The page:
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I want to check whether a file has data inside it, if it has show me what's inside that file, if not exit with "Nothing in the file". I am using Fabric 1.2 to do this on a remote server.

I am trying this:

    def test():
        run("cat myfile.txt | awk '{print $1}' > /dir/newfile.txt")
    if run("test -s /dir/newfile.txt || cat /dir/newfile.txt"):
            else run("echo Nothing in the file")

I know this is not the best way of doing this and I know Python uses os.path.getsize(path) for similar purposes. Can you help at all?

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file the-file-name Would print the-file-name: empty if the file has no data. Put it together with grep and you get if run("file the-file-name | grep 'the-file-name: empty'"): – Bakuriu Nov 20 '12 at 17:26
Yes that does it, should have seen that. How do I run a else statement, I am getting a syntax error? Thanks ! – ibash Nov 20 '12 at 17:35

2 Answers 2

There is a simpler command to do that, and it does not require saving anything to a file:

file 'the-filename' | grep 'the-filename'

So, the code would be:

if run("file 'the-filename' | grep 'the-filename'", warn_only=True).succeeded:
    print("The file 'the-filename' is empty.")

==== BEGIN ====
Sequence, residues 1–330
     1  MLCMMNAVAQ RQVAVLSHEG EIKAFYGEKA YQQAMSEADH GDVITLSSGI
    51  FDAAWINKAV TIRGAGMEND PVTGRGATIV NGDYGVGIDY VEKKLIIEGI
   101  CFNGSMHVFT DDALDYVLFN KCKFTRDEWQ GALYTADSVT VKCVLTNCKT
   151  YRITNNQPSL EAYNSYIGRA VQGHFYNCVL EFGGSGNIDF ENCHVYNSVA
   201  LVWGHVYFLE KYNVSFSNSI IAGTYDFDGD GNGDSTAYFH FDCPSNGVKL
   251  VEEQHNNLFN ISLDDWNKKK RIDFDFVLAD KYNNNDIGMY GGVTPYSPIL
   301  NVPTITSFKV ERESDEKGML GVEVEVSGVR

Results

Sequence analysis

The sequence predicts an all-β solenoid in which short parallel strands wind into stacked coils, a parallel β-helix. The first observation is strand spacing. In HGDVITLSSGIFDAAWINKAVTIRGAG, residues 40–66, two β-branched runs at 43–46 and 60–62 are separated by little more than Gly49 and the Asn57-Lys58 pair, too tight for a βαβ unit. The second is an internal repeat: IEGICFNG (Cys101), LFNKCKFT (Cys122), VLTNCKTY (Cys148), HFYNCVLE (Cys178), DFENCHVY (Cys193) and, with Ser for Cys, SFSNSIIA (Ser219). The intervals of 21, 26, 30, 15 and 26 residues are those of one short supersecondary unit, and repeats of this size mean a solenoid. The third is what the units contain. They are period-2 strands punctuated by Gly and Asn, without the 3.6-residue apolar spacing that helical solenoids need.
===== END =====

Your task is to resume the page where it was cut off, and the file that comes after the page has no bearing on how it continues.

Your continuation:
print("The file 'the-filename' is not empty.")

The succedeed attribute of the return value is True if the command succeeded, which happens when grep matches the string(i.e. when the file is empty).

Searching in fabric's documentation it does not seem to provide a function like os.path.getsize, so you are probably stuck calling commands with run.

An other way of doing this could be using stat 'the-filename' --format=%s | grep '^0$' and check for succeeded.

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Thank you but this answer is only relevant to Fabric 1.5x - I am using 1.2. warn_only=True isn't available on 1.2. – ibash Nov 21 '12 at 10:37
However I upgraded to 1.5 and this answer did help so you get my vote. – ibash Nov 21 '12 at 11:02

This should work:

def empty():
    some_file = 'some_file'
    run(('if [ -s "%s" ]; then'
         ' cat "%s"; '
         ' echo "EMPTY FILE"; '
         'fi') % (some_file, some_file))

I tested it against a Redhat Unix system, just uses bash if statement and cat in a single call.

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